The Guardian view on the US midterms: a wel­come start

The Guardian Australia - - Opinion -

The Democrats’ seizure of the House of Rep­re­sen­ta­tives and other ad­vances in the US midterms are hugely wel­come and a great re­lief. But Tues­day’s vote did not see the hoped-for blue wave, and was not a turn­ing point in it­self. What mat­ters is what the Democrats, and the pres­i­dent, do next.

Don­ald Trump was pre­dictably un­gra­cious and com­bat­ive in what he claimed as a “big vic­tory”, de­spite his im­prob­a­ble sug­ges­tion that it “could be a beau­ti­ful bi­par­ti­san type of sit­u­a­tion”. He thrives on di­vi­sions. The record turnout (up 31m votes on the 114m votes in 2014) tes­ti­fies to his abil­ity to fire up his base as well as gal­vanise re­sis­tance. Can­di­dates em­braced his na­tivism, with nakedly racist and an­ti­semitic cam­paigns. Mr Trump has boasted of the strength­ened Repub­li­can hold on the Se­nate – an un­sur­pris­ing out­come, given how strongly this round of con­tests favoured the party. The Democrats’ An­drew Gil­lum made strik­ing in­roads in Florida but couldn’t take the gov­er­nor­ship. In Ohio, equally crit­i­cal, Demo­cratic se­na­tor Sher­rod Brown held on but Repub­li­cans tri­umphed in other races. Mr Trump could be much worse placed for 2020.

We can ex­pect him to run against the Demo­cratic House in that race: it will make a con­ve­nient en­emy. That is pre­cisely be­cause the Democrats have ended the era of unchecked Repub­li­can power and can now frus­trate his agenda on ev­ery­thing from tax cuts to health­care and im­mi­gra­tion. The re­sis­tance has moved into the leg­is­la­ture; but they need to show they can be more than the re­sis­tance, and can win over op­po­nents. Crit­i­cally, they now have the power to in­ves­ti­gate him; this is not “pres­i­den­tial ha­rass­ment” but sorely needed over­sight. Mr Trump has threat­ened re­tal­i­a­tion, but the big­gest chal­lenge for Democrats is pick­ing the right tar­gets and the pri­or­ity is pro­tect­ing the work of Robert Mueller, whose re­port into into Rus­sia’s role in the 2016 elec­tion and the al­leged col­lu­sion of the Trump cam­paign is pend­ing. No longer fear­ing elec­toral reper­cus­sions, on Wed­nes­day Mr Trump forced out Jeff Ses­sions – never for­given for re­cus­ing him­self from over­sight – and put a se­nior aide who has called for the de­fund­ing and rein­ing in of the in­ves­ti­ga­tion in his place as act­ing at­tor­ney-general.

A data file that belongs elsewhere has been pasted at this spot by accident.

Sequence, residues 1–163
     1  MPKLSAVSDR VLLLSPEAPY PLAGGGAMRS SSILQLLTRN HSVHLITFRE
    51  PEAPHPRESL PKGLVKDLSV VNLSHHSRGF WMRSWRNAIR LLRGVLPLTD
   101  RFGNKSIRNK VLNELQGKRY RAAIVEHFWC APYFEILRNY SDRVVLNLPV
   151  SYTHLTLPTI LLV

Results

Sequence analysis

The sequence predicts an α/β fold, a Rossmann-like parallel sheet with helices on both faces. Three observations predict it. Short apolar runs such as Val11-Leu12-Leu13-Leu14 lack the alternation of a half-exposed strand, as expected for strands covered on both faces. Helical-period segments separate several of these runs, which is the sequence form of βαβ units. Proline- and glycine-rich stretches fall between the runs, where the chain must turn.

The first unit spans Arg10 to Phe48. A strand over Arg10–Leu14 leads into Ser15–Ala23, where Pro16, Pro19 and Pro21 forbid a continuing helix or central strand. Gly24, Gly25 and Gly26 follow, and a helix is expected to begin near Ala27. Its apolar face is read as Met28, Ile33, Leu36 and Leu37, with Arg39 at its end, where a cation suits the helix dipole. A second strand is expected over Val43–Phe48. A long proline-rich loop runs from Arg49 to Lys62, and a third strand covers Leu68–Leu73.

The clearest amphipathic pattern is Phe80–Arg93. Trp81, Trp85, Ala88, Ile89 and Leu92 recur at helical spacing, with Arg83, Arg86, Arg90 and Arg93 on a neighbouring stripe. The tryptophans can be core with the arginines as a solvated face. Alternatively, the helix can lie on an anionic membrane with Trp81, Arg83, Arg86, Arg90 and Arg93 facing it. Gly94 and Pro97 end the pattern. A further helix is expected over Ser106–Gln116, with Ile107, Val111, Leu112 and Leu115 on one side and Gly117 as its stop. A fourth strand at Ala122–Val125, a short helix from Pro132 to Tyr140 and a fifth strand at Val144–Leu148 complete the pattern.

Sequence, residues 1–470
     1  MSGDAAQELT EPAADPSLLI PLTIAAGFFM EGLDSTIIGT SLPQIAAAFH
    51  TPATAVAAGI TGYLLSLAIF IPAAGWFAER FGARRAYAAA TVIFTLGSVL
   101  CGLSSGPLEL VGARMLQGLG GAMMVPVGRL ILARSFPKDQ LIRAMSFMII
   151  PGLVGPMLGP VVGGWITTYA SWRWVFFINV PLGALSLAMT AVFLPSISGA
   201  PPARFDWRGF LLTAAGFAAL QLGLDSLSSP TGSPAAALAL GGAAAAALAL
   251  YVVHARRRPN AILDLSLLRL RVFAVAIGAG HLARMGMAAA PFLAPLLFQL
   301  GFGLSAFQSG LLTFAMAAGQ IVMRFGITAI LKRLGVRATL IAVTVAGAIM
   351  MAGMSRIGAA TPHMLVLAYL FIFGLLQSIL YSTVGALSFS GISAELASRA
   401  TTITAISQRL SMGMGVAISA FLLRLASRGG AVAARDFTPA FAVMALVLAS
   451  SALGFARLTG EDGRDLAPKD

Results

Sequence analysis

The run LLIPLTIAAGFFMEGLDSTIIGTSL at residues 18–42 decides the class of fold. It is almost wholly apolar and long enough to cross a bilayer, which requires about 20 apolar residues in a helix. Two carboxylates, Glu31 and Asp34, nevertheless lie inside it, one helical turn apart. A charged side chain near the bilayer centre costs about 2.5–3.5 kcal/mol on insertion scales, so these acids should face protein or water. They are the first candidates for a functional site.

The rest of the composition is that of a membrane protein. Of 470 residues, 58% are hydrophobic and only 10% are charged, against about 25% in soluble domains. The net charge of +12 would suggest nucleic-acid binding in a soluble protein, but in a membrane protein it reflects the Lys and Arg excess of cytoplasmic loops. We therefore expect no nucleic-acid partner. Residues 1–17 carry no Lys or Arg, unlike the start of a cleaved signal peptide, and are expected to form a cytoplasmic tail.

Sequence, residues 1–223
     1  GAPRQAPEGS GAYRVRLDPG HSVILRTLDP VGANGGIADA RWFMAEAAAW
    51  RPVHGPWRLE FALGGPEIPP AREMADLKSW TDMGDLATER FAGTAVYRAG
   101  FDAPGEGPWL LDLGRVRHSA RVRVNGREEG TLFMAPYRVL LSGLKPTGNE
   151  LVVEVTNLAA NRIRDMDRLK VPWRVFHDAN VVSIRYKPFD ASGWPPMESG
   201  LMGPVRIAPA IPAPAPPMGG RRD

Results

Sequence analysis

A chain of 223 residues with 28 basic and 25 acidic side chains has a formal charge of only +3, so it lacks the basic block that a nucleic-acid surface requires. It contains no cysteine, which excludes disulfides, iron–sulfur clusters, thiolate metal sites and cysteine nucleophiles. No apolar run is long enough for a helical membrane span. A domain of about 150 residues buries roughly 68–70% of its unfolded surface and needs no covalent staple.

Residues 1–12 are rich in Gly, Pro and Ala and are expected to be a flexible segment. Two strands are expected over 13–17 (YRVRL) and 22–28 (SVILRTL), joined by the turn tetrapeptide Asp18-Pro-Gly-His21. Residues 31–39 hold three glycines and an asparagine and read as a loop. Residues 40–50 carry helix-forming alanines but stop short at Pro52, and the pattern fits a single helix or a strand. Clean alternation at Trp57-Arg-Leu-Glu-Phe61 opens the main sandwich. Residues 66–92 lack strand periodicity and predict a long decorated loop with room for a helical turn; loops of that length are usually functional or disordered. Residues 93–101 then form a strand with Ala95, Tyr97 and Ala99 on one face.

Pre­lim­i­nary exit polls gave House Democrats a 21-point lead among women, while men split al­most evenly. De­spite some signs that sub­ur­ban, col­lege-ed­u­cated women are peel­ing away from the Repub­li­cans, 60% of white women backed Ted Cruz in Texas; in Ge­or­gia 76% picked Brian Kemp over Stacey Abrams, seek­ing to be­come the first black fe­male gover­nor. But a record 272 women ran for Congress, and at least 95 were elected to the House: the best show­ing ever, if still far too low. They in­clude the first Mus­lim and Na­tive Amer­i­can con­gress­women (Rashida Tlaib and Il­han Omar; Sharice Davids and Deb Haa­land), and the youngest, Alexan­dria Oca­sioCortez. Jared Po­lis is the first out gay man to be elected gover­nor, in Colorado.

There was good news for Democrats in Penn­syl­va­nia, Michi­gan and Wis­con­sin (where gover­nor Scott Walker was ousted) – all states which fell to Mr Trump in 2016. Beto O’Rourke’s cam­paign in Texas made him a star. But mo­bil­is­ing sup­port is not enough. The im­pact of ger­ry­man­der­ing and voter sup­pres­sion is in­creas­ingly ob­vi­ous. Democrats won the pop­u­lar vote in four of the five pres­i­den­tial races this cen­tury – yet two of those pro­duced Repub­li­can pres­i­dents. Demo­cratic sen­a­tors rep­re­sent around 3.65 mil­lion vot­ers and Repub­li­cans around 2.5 mil­lion. This week shows that elec­tors are wak­ing up. Michi­gan backed a non-par­ti­san re­dis­trict­ing com­mis­sion and au­to­matic vot­ing en­rol­ment. Florida passed an ini­tia­tive restor­ing vot­ing rights to 1.4 mil­lion felons, dis­pro­por­tion­ately black men; Mr Trump won there by 113,000 votes. The Democrats won’t just need the right can­di­date and agenda in 2020, but a fairer sys­tem too.

Demo­crat Jacky Rosen cel­e­brates after win­ning her Se­nate race against Dean Heller in Ne­vada. Pho­to­graph: Ethan Miller/Getty Images

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